The classwork has also been beneficial. “I take pride in my classwork. Getting good test scores is important. I think the classwork has been really instrumental to my growth,” he explains. “I take that stuff back to work; I’ve noticed a change in that aspect, and I am going back to work as a better professional now.”

When asked what his favorite dish to prepare is, he said, “My favorite dish is always what the people love. I take pride in cooking what people love. We aren’t cooking for ourselves, we are cooking for other people. But if I had to say a favorite dish I would go with seafood. I like to prepare fish. I would go with a nice prepared Atlantic salmon with squash. I think I am multifaceted when it comes to cooking. I like doing it all.”

Seth sees “big things” for himself in five years. “Eventually, I want to be the head of my own business, but in five years I still think I’ll be working in a great profession. I am looking forward to doing my internship at Delaware Park and continuing to work at the Chase Center.”

He looks forward to traveling and taking hospitality courses along the way. “I feel that education will continue for me for the next five years,” he says.

Seth encourages others interested in a career in the culinary field to take advantage of the training program at The Culinary School. “Everybody has to start from somewhere, and if you need a perfect place to start from that will educate you as well as address some of your professional inefficiencies, this is the place.”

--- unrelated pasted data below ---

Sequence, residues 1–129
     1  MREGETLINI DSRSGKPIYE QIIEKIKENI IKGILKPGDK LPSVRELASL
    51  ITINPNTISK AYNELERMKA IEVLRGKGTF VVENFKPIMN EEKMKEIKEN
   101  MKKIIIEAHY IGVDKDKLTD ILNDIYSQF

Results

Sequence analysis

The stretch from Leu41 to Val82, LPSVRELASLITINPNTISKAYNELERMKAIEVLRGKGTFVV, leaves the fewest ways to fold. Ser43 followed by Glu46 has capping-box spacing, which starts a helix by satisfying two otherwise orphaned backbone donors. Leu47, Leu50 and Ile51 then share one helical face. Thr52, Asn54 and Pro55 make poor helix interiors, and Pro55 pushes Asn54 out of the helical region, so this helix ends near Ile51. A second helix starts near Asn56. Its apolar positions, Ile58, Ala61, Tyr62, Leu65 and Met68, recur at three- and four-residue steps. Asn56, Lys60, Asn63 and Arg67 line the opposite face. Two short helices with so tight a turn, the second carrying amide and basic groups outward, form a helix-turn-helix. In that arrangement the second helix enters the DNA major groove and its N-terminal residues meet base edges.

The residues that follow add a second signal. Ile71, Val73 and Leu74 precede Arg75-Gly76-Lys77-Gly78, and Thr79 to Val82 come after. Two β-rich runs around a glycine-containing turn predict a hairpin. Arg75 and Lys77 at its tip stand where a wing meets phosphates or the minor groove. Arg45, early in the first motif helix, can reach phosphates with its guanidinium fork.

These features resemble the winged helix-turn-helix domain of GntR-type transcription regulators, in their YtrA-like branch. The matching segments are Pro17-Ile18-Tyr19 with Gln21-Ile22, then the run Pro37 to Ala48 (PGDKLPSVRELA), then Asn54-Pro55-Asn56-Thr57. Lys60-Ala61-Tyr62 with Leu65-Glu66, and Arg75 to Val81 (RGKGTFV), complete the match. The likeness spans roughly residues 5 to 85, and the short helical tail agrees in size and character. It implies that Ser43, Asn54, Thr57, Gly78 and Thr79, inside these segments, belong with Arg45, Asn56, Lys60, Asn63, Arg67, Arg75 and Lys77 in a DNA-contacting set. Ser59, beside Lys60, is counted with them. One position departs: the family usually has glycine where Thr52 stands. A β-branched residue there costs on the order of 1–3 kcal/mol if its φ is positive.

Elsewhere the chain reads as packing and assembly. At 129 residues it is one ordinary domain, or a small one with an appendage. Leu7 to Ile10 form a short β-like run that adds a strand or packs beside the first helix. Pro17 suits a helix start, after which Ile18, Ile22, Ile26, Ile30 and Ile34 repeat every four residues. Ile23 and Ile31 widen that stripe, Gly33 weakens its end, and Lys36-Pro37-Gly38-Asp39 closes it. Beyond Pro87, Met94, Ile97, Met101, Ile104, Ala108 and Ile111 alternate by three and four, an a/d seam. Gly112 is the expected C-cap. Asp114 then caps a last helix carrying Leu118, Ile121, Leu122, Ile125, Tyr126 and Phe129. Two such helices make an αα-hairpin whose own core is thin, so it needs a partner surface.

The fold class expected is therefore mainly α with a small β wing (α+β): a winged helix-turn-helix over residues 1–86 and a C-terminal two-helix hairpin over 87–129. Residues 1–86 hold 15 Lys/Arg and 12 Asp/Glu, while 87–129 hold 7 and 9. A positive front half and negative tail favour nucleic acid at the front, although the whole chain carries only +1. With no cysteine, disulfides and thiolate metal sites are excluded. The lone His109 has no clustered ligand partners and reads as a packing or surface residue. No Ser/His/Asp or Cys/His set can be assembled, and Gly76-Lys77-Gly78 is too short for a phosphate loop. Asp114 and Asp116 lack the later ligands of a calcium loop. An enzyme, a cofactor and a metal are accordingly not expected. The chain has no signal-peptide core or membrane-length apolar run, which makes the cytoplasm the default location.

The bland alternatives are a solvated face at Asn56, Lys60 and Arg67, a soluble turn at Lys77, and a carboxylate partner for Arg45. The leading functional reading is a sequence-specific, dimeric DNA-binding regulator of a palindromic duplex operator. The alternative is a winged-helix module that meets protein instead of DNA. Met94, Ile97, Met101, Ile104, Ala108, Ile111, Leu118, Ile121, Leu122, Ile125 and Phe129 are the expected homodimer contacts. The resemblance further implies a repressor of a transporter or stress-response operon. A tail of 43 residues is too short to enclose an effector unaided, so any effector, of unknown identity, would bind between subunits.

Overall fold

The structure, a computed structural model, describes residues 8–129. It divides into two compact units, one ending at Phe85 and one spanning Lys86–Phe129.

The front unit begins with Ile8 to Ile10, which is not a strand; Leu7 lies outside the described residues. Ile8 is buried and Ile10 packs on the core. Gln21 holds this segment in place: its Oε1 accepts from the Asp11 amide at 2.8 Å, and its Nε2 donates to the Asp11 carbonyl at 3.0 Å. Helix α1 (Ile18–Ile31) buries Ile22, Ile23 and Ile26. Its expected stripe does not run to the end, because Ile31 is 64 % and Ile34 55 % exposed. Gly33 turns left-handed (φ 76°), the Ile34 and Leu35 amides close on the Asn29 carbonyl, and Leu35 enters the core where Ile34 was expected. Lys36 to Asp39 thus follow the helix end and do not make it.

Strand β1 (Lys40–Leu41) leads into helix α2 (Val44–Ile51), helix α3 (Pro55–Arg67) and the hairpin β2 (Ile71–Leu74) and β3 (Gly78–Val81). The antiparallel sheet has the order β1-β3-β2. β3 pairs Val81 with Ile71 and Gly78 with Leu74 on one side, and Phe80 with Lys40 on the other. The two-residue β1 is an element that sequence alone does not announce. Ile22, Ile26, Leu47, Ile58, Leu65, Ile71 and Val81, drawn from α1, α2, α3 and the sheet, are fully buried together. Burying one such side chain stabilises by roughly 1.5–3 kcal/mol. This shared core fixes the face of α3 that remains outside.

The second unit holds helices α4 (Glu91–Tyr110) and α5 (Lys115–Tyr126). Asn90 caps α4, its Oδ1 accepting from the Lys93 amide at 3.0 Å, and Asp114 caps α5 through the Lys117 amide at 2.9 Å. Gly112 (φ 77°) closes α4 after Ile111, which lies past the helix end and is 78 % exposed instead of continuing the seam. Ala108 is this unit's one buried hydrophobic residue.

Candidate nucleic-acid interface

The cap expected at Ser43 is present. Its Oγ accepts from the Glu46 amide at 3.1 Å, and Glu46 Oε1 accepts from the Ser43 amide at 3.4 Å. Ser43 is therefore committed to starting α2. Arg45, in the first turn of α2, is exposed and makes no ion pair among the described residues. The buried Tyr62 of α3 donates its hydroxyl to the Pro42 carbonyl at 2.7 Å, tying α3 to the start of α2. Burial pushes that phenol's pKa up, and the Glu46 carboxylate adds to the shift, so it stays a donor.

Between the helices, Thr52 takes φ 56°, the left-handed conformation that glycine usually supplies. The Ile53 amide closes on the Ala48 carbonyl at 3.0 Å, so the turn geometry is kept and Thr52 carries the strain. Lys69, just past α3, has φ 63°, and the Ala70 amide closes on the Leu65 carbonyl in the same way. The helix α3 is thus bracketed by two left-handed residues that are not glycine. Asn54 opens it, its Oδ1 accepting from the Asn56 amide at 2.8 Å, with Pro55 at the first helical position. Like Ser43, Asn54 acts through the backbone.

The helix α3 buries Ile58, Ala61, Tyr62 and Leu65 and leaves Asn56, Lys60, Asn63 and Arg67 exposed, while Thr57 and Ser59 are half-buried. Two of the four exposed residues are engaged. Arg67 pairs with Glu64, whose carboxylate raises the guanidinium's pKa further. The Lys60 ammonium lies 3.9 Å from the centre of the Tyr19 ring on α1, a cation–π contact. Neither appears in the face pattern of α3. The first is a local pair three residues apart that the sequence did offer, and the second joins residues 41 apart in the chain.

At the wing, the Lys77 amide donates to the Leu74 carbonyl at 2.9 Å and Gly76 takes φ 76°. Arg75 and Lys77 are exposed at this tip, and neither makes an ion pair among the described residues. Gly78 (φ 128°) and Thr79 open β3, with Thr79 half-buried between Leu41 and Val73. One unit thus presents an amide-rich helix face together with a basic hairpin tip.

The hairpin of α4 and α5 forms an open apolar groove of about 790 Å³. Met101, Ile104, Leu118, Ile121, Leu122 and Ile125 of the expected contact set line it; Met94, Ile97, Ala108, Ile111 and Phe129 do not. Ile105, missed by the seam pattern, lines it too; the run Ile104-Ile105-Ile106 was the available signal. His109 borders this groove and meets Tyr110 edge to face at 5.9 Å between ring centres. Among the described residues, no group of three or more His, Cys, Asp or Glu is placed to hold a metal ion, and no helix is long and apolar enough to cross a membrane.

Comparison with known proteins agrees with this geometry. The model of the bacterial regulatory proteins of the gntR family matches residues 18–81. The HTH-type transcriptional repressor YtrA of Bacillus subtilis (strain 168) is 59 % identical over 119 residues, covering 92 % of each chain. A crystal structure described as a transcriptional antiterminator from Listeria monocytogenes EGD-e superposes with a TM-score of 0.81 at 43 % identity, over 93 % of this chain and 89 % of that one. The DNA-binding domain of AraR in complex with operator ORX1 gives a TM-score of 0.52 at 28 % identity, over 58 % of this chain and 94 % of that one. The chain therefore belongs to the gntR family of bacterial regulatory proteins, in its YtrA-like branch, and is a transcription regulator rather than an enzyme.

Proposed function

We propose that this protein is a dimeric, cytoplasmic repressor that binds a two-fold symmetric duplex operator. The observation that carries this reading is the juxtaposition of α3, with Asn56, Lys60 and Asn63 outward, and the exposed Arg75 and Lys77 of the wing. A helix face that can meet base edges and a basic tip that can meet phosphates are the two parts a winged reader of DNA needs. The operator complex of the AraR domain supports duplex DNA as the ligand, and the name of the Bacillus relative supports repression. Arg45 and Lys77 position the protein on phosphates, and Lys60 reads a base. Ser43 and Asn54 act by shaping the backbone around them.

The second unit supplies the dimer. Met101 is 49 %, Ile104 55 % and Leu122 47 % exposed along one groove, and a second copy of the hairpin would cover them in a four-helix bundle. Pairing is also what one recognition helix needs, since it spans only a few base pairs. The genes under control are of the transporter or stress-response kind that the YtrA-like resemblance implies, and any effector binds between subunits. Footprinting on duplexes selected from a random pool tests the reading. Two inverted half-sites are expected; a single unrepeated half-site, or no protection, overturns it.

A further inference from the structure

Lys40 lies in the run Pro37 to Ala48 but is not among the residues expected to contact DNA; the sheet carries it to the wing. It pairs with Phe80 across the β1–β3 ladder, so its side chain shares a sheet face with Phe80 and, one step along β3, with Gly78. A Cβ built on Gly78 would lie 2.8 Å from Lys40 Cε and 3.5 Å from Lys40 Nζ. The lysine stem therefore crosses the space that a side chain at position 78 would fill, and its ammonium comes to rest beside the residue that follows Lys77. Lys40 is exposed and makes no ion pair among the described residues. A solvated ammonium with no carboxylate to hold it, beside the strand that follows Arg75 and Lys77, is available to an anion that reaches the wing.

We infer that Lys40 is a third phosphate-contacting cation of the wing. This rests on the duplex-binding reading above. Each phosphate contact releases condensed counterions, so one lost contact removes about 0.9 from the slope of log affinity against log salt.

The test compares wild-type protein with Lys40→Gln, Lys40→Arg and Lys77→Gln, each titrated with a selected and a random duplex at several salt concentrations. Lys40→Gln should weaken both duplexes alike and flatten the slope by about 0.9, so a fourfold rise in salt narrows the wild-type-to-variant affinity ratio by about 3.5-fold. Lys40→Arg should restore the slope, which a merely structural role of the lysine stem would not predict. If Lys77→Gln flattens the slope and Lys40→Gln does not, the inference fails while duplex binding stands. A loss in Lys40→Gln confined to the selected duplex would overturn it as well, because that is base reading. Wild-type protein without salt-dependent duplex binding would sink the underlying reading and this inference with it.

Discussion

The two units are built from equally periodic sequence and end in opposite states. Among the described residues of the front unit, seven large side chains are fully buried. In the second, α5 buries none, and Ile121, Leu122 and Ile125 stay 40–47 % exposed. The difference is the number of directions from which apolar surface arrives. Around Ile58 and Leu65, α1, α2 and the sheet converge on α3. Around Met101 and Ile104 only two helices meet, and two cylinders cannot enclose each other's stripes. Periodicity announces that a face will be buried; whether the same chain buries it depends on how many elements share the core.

To learn more about The Culinary School, please visit http://www.fbd.org/the-culinary-school/.

 

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Culinary Student Spotlight: Lavenia Johnson

IMG_9326Lavenia Johnson took a risk to follow her dreams when she quit her job at a local financial institution to begin classes at The Culinary School at our Newark facility.

Lavenia found out about the training program through a Google search. “I was sitting at my desk at work on a Tuesday; it was boring and slow,” she recalls. “I was Googling on my phone and found The Culinary School. I filled out the application on my phone from my desk at work,” she recalls.

“I really love cooking, so I took the chance and left my job to come here, and it’s been awesome” she says.

Lavenia enjoys learning new skills from Chef Instructor Sean McNeice, “I am learning to do things the proper way. I love the hands-on labs. The chef is great.”

She recently had the opportunity to do a one-day internship at the new Westin Hotel on the Wilmington Riverfront. Lavenia was able to apply newly-learned skills in a real working kitchen. “I have to learn to be quicker,” she says. “It’s challenging; it’s a lot harder than what you see on TV.”

So far, Lavenia’s favorite new skill is de-boning meats, “I never knew how to do it before, and I actually applied it at my internship.”

Guest chef presentations have also enriched her experience at The Culinary School. She was surprised by how easy it is to make homemade pasta when Chef Jim Berman, Executive Chef at Firestone, came to class for a pasta demonstration.

The life skill lessons have been as equally important as the kitchen skills, she says. “The $tand By Me people have been great for your personal finances.”

Upon graduation, she hopes to land a fast-paced job. “I like the hustle and bustle of it all, and I like to stay busy.”

Ideally, Lavenia would like to work in the hotel business, and in five years she hopes to be building her own menus.

For adults considering The Culinary School, she advises, “Just do it. Don’t second guess it. It’s worth it. If I quit my real job to do it, you know you can do it!”

To learn more about The Culinary School’s 14-week training program, please visit http://www.fbd.org/the-culinary-school/.